Many students in the U.S. have gone back to school, but summer temperatures haven’t gone anywhere.

Hot days make for stuffy classrooms, and that can make it hard to learn.

But going outside to the scorching hot asphalt playgrounds isn’t much better.

A school near Atlanta is demonstrating one partial solution, and it’s as simple as getting a fresh coat of paint.

Fast Company reported recently on SAE School’s project to cover their playgrounds with a coat of solar-reflective paint.

The black asphalt surfaces were suddenly blue, red and tan.

It’s certainly more colorful, but more importantly, it’s more comfortable: the paint helps lower the temperature on the playground.

Uncovered asphalt essentially absorbs a great deal of heat, so even if the air temperature is only 75 or 80 degrees, the surface temperature on the playground can get as high as 120 or 130 degrees.

In urban areas, where there can be a lot of asphalt, all that extra heat can be dangerous.

The paint, made by Streetbond, helps steer the heat away from the asphalt.

At SAE School, the surface temperature on the painted playground was 12 degrees cooler than the UNpainted playground.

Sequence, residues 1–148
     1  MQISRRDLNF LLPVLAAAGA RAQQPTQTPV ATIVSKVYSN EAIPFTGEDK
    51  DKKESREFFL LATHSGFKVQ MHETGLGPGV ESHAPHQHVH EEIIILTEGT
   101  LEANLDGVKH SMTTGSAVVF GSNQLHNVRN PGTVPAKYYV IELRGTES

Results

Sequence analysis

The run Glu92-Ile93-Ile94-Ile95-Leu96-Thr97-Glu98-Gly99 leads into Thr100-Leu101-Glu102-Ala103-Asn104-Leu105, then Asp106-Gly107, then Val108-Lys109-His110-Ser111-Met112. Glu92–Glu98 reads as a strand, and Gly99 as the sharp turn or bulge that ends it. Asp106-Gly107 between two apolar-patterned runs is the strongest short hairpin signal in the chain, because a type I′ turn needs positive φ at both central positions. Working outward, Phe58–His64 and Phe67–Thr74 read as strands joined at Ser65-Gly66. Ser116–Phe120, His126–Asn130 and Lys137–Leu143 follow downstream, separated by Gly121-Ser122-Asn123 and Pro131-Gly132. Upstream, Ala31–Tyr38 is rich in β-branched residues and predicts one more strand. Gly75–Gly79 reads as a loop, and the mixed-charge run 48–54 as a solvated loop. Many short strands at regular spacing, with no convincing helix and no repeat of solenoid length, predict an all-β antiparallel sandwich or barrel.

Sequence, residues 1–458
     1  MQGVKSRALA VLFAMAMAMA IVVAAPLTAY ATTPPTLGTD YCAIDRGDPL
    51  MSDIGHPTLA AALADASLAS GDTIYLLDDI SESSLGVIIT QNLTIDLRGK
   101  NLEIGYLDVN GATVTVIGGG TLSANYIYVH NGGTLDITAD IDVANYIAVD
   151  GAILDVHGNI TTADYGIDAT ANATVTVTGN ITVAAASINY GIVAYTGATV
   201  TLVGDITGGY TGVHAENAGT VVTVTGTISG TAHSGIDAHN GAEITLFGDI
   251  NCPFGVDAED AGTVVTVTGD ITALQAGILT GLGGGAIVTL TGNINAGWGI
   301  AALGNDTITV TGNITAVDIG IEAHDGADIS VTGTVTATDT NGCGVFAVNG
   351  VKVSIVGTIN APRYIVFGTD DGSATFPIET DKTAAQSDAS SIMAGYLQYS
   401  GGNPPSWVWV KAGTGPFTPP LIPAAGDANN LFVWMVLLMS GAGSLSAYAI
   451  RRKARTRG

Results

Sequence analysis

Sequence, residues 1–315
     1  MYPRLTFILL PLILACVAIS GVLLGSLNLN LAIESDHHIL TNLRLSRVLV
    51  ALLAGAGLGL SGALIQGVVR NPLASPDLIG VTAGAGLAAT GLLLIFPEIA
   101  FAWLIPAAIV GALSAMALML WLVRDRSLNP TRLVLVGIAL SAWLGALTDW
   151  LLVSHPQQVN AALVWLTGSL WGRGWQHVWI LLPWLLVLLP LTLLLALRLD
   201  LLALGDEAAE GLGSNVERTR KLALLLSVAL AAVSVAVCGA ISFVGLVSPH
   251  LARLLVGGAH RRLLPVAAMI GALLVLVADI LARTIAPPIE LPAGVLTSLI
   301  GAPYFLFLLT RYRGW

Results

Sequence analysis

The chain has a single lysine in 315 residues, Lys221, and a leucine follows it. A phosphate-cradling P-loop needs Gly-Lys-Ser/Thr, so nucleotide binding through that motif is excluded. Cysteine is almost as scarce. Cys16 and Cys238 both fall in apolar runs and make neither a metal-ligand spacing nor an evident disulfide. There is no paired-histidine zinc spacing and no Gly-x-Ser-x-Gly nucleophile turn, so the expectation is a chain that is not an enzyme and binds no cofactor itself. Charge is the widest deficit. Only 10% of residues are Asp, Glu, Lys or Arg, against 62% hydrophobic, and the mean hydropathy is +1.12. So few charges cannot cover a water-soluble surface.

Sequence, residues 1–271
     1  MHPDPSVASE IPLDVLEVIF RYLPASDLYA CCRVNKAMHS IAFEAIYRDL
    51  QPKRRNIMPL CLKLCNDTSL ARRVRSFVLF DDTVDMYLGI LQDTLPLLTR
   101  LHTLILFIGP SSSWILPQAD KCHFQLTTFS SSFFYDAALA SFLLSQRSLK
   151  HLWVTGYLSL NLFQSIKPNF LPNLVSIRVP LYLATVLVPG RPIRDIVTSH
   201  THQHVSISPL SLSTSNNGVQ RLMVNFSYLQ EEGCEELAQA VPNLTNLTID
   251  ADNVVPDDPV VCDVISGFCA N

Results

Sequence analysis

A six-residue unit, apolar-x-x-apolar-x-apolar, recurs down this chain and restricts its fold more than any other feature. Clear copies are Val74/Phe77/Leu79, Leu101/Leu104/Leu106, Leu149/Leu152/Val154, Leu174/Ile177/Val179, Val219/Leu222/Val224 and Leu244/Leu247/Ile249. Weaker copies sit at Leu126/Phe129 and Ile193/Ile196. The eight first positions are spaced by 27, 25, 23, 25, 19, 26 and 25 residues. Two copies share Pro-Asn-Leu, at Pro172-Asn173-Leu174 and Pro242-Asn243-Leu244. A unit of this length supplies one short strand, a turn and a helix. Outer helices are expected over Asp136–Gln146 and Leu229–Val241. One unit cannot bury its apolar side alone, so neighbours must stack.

That’s good for students.

And, it turns out, it’s good for the asphalt, since high heat can cause it to degrade.

Though it will mean a vocabulary change at the school.

If their playground is blue, red and tan now, they can’t exactly call it blacktop anymore.

This Saturday is National Bunny Day.

In southern California you’ll find the Bunny Museum, which not only features a huge collection of rabbit-themed art and memorabilia, it looks at all the ways these little hoppers have shown up in our culture, from how we sweep up dust bunnies to the rabbit ear antennas on TVs.

Sounds like a hare-raising experience.

Thanks to an innovative new paint, this school’s playground just got 12 degrees cooler (Fast Company)

LA’s Bunny Museum will redline your rabbit-o-meter (Boing Boing)

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Photo by sgrace via Flickr/Creative Commons